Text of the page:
This week we look at a red wine that’s perfect for these cool fall days and the foods that go with them, and a grape variety that might seem at once new yet familiar. How many wines can you say that about?
Don’t forget the Eureka Springs Food and Wine Festival begins November 7. My Spain trip report is almost finished, I promise. In the meantime, keep trying those new wines!
Petite Sirah was developed in the 1870s in France’s Rhône region where it is known as Durif. Very little of it is grown there today. After years of uncertainty about its heritage, DNA testing finally determined that this grape variety is a cross between Syrah and a minor Rhône variety called Peloursin.
Its small berries (some believe that led to its name) mean a high skin-to-juice ratio, and that allows Petite Sirah to produce wines with a dark, inky color, full body, high tannin levels and the ability to improve with aging. Its wines are often described as having flavors of blackberry and other dark fruits, with black pepper notes on the finish.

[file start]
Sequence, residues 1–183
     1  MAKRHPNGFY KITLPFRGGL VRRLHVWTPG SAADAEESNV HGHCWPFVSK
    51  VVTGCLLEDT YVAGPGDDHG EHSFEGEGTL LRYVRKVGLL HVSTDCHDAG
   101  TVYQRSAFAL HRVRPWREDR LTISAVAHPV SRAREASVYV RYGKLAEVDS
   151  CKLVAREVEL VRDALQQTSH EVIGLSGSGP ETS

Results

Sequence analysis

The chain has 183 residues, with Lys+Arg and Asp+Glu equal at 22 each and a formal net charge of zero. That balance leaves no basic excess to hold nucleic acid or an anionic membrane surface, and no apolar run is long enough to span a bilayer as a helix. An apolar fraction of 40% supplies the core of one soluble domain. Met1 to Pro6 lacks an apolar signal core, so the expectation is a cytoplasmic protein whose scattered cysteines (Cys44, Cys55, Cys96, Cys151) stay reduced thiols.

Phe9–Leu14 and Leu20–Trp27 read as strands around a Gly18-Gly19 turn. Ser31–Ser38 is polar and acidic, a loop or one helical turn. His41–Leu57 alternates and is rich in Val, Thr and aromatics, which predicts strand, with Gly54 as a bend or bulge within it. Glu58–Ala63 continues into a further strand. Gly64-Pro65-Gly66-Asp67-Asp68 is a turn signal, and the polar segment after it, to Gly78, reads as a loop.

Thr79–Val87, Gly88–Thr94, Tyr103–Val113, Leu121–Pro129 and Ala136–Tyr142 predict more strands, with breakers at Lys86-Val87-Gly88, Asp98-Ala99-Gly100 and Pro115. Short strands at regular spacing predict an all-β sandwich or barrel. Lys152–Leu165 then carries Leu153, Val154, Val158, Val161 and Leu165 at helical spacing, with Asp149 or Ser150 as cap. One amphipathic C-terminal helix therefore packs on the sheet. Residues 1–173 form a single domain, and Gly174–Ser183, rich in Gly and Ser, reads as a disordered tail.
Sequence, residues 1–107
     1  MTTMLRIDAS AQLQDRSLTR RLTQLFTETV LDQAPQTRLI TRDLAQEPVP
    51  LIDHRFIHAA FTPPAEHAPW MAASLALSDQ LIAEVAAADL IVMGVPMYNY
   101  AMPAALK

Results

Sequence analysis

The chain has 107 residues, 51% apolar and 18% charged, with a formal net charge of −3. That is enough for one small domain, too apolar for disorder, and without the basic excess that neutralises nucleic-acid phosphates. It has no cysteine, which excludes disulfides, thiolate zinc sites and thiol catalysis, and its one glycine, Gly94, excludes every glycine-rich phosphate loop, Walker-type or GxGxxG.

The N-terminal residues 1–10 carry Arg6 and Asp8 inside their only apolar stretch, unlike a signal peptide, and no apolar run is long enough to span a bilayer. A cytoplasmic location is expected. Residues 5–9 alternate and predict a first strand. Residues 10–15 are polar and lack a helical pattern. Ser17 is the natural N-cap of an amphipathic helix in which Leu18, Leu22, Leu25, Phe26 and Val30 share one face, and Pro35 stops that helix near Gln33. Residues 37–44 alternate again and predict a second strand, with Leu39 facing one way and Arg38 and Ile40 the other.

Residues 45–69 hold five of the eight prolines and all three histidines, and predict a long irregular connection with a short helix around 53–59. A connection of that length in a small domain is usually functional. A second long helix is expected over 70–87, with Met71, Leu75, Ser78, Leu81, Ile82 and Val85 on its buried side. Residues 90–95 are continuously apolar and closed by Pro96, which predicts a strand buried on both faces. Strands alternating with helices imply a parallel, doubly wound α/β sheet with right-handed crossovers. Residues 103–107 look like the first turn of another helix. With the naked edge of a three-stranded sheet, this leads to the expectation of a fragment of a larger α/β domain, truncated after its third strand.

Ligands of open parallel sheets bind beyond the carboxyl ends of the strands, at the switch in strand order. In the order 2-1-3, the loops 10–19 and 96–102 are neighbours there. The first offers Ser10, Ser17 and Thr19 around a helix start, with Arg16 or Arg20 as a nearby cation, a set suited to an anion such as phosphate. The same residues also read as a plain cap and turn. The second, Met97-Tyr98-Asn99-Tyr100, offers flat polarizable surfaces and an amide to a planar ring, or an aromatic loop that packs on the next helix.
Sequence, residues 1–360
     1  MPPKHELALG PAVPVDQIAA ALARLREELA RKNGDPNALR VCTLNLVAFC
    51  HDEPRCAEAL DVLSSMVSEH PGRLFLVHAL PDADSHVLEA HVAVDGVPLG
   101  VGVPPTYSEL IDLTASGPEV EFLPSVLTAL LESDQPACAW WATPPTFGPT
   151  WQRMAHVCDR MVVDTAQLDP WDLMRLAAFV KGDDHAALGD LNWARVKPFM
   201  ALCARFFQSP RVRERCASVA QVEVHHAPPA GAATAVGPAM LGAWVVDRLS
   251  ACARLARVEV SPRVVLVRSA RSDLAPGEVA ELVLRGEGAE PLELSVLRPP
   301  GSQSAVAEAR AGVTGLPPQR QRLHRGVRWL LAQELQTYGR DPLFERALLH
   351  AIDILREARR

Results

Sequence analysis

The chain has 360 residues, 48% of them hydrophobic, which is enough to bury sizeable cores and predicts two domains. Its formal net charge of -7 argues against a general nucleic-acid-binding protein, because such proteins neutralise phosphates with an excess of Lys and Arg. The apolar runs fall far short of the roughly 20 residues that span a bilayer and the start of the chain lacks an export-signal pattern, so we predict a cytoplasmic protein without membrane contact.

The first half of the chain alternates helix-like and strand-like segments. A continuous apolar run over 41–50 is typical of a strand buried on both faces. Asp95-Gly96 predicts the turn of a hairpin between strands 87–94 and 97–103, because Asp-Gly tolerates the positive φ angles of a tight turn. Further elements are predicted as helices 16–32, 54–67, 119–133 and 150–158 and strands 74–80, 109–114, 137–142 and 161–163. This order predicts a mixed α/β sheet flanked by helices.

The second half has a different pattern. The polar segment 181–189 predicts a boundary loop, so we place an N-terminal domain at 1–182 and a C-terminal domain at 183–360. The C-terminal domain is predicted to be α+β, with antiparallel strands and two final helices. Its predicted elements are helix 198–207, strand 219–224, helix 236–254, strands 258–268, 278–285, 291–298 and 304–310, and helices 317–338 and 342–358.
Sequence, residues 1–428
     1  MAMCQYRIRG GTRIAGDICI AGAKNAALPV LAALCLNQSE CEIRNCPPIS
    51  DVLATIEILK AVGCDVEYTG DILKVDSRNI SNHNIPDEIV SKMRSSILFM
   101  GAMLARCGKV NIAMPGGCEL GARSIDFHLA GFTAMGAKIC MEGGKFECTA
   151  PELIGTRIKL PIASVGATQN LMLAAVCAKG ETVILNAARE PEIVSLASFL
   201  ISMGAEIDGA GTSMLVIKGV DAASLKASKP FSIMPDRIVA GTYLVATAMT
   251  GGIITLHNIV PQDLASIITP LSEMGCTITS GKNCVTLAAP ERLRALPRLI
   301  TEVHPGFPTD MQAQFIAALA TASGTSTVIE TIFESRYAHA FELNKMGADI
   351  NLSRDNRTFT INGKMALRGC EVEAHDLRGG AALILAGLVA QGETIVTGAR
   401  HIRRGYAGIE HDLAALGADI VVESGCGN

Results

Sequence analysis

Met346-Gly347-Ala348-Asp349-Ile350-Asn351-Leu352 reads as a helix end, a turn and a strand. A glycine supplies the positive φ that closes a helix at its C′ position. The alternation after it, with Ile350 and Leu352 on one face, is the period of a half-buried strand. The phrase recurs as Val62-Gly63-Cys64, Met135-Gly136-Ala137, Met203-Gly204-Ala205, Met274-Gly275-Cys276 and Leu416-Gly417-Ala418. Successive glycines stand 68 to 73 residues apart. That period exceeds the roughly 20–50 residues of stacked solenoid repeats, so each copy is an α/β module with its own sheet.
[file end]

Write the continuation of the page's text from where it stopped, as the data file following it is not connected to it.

In California it was long considered a minor variety, but prized for its deep color and high yield, as well as its resistance to a vineyard malady called downy mildew. Early in the 20th century it was one of the three most widely planted wine grapes in California (Zinfandel and Mourvedre, known then as Mataro, were the other two). Today it’s enjoying a resurgence of popularity, which began as a “cult favorite” and now becoming almost mainstream.
This summer I found one I liked enough to bring to Arkansas. Vina Robles, from their estate “Jardine” vineyard, near the California Central Coast wine town of Paso Robles, is a big red wine, with a deep, inky purple color and plum and black cherry flavors with spicy oak notes. It retails locally for around $25 a bottle.